But, to any reasonable technologically competent person, this explanation is certainly sound. Apple’s own philosophy is that iPhone users store all kinds of private information on their devices, and that is Apple’s responsibility to prioritize the security of that device, even at the expense of user’s going to the corner repair shop to fix a cracked screen.

Poor Little Rich Broadband

At first I thought it was an April Fool’s joke, but The Guardian reported yesterday, on April 6, that the wealthy are stranded in digital dark age as expensive properties lack fast internet in London’s most exclusive housing developments:

Only the most wealthy can afford a pied-à-terre at the One Hyde Park development opposite Harrods, in Knightsbridge, but it seems even the average £22m price tag is not enough to buy a superfast internet connection. The flats went on sale just three years ago, but their broadband speed is well below the national average.

While it might be tempting to shed a crocodile tear for these poor little rich people, it turns out their broadband speeds aren’t all that slow, at least compared to the United States.

One Hyde Park has a top speed of around 10 megabits per second – well below the 18Mbps national average.

By comparison, the average broadband speed in the United States is 10 megabits per second, the same as the relatively “slow” speeds of One Hyde Park and well below the average data rate of the United Kingdom.

But, of course, in the early twenty-first century, being rich has its perks. The developer is looking to accelerate those broadband speeds.

The building’s developer, Candy & Candy, says it is now negotiating with BT to install a 100Mbps service.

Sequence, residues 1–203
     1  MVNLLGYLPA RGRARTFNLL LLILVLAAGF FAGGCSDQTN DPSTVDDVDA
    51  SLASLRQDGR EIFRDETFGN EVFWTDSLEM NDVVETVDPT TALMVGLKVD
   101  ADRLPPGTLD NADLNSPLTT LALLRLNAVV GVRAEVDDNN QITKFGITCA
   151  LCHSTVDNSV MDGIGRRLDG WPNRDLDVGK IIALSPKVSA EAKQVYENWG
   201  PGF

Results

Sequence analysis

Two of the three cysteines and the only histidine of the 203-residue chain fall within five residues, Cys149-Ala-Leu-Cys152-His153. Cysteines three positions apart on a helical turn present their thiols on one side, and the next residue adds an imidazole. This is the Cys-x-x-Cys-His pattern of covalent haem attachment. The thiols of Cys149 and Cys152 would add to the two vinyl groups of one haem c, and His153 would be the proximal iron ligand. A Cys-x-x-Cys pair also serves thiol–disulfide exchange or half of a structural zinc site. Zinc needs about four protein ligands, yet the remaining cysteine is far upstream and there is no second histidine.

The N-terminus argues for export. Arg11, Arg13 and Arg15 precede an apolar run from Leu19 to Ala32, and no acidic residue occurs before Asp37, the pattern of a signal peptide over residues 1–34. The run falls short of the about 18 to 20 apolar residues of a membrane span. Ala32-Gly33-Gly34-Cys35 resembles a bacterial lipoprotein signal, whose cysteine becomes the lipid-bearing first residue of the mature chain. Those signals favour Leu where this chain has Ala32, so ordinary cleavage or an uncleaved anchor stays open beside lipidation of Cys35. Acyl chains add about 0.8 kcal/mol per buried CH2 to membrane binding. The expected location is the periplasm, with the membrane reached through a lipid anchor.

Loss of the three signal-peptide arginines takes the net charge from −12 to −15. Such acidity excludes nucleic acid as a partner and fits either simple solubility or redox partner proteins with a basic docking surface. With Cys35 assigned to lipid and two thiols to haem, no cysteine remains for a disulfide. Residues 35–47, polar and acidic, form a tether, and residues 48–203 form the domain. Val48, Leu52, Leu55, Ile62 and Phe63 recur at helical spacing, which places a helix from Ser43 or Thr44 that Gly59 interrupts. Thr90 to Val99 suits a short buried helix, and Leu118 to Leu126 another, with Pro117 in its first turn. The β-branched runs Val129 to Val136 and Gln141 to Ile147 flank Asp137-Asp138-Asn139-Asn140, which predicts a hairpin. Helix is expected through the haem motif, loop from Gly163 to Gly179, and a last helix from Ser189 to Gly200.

In the United States, one hundred megabits per second for residential broadband is almost science-fiction fast.

Computer Generated Papers

From Ian Sample at The Guardian on how computer-generated fake papers are flooding academia:

The students wrote a simple computer program that churned out gobbledegook and presented it as an academic paper. They put their names on one of the papers, sent it to a conference, and promptly had it accepted. The sting, in 2005, revealed a farce that lay at the heart of science.

The farce is not just that academics are being duped by computers writing “gobbledegook.” It is that there are “dodgy” conference organizers and journal publishers that are ready to accept anything so they can bilk an author. This hoax was a valiant attempt to expose those.

Conferences aren’t free. If you write a paper and have it accepted at a conference, don’t expect any payment. You will have to pay a registration fee to attend the conference and likely pay for your own travel. Most reputable conferences charge a reasonable fee to cover their expenses, which can be substantial, but you do see some conferences with some exorbitant, jaw-dropping registration fees. It is wise to stay away from those.

You can see a similar trend in the proliferation of “open access” journals. These journals are available online for free instead of charing an individual a cover price or a library for a subscription. Instead, they charge the author a publishing fee.

Publishing anything, even “gobbledegook,” for a fee is a predictable result of conferences and journals that exist primarily to generate a profit.

When hoaxes like these get reported in the press, readers assume that authors submit conference papers or journal articles as completed works. They do not. It’s possible that some of the paper proposals submitted as “gobbledegook” had a sound kernel of an idea that could develop into a solid paper with some revisions. A panel chair or an editor will often shepherd a conference paper or a journal article so the author can revise it. But it’s hard to judge whether the conference organizers were duped because they accept anything to generate a registration fee or whether they accepted it with revisions. As the Social Text–Sokal incident made clear, no one expects a hoax.